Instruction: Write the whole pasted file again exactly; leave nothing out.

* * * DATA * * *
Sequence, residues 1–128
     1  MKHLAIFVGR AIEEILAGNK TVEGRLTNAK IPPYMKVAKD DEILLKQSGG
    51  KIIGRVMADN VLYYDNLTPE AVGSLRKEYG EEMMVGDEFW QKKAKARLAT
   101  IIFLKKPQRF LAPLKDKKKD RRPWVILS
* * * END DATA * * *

Sequence, residues 1–128
     1  MKHLAIFVGR AIEEILAGNK TVEGRLTNAK IPPYMKVAKD DEILLKQSGG
    51  KIIGRVMADN VLYYDNLTPE AVGSLRKEYG EEMMVGDEFW QKKAKARLAT
   101  IIFLKKPQRF LAPLKDKKKD RRPWVILS